Alfred Sadler, the first director of Yale’s Physician Associate Program, described its early days in the 1970s.

When Yale’s Physician Associate Program was launched in 1971, 28 of the 30 members of the Class of 2008 had not yet been born. At their Commencement in December the graduates got a history lesson along with their diplomas. The lesson came firsthand, delivered by the co-founder and first director of the Yale program, Alfred M. Sadler Jr., M.D.

Physician associate programs have their roots in emergency care, and Yale’s began as an experiment. “We were designing the curriculum as we went along,” Sadler said.

The Class of 2008 reflects the growth of the program in both numbers and scope. Whereas Yale’s first graduating class of just five students left with a certificate in physician associate studies in 1973, this year’s class—like others since 1999—earned a master’s degree in medical science, the M.M.Sc. Dean Robert J. Alpern, M.D., Ensign Professor of Medicine, said the program was lengthened from two years to 28 months under his tenure, “which is why we’re having Commencement on this freezing day” in December.

Sadler said the Yale program came into being when he and his twin brother organized regional emergency medical services in Connecticut, creating a model that was copied nationwide. Meanwhile, Jack Cole, M.D., chair of surgery, had received a grant from the Commonwealth Fund to start a trauma program within the Department of Surgery. He and Sadler had both noticed that the military had produced army medics competent to treat trauma alongside doctors, and that “these professionals were actually practicing medicine,” Sadler said. The two men then convinced Yale to create “the medical school’s first experiment in nonphysician education.”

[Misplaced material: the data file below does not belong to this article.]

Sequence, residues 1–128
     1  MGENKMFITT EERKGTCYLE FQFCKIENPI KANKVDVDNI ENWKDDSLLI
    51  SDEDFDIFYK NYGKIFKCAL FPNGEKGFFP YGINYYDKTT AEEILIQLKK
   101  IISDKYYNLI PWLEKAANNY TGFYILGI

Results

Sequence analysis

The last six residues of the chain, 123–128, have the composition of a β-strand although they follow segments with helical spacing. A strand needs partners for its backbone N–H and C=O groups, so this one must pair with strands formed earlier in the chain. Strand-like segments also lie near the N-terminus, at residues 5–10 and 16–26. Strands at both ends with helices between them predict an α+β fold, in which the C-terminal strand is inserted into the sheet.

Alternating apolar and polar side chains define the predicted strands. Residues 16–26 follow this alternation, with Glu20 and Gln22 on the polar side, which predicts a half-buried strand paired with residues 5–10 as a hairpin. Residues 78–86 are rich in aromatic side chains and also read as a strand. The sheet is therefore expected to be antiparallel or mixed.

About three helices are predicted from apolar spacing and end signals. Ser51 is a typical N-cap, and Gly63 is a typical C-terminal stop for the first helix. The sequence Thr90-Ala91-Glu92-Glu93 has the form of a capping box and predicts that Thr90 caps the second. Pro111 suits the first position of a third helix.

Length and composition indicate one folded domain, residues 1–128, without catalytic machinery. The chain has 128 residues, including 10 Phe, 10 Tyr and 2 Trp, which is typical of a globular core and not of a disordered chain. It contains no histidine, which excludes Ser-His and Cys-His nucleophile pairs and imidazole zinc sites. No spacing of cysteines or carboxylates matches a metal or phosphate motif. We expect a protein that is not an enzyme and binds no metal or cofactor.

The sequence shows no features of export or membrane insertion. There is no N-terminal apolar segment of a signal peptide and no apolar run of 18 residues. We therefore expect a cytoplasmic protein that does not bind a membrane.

Sadler, who directed the program until 1973, spearheaded legislation to authorize physician associates to practice medicine in the state of Connecticut. As inaugural president of the Association of Physician Assistant Programs, he helped develop accreditation standards for the profession and worked with the National Board of Medical Examiners to create the first national board examination.

Yale has since graduated 895 students from the program. Today there are 142 programs nationwide, Sadler said.

At the Commencement ceremony William B. Stewart, Ph.D., associate professor of surgery (gross anatomy), and Shanta E. Kapadia, M.B.B.S., lecturer in surgery (gross anatomy), received the Didactic Instruction Award from students. Gerard J. Kerins, M.D., geriatrics section chief at the Hospital of Saint Raphael, received the Clinical Instruction Award for a clinical rotation site that provides exemplary teaching. The Jack Cole Society Award, for contributions in support of the physician associate profession, went to Paul P. Possenti, PA-C, lecturer in surgery (trauma).

Adam Cohn, PA ’08, received the Dean’s Award for Academic Achievement. Arielle Macher, PA ’08, received the Dean’s Award for Clinical Excellence, and Lauren Myers, PA ’08, received the Dean’s Humanitarian Award.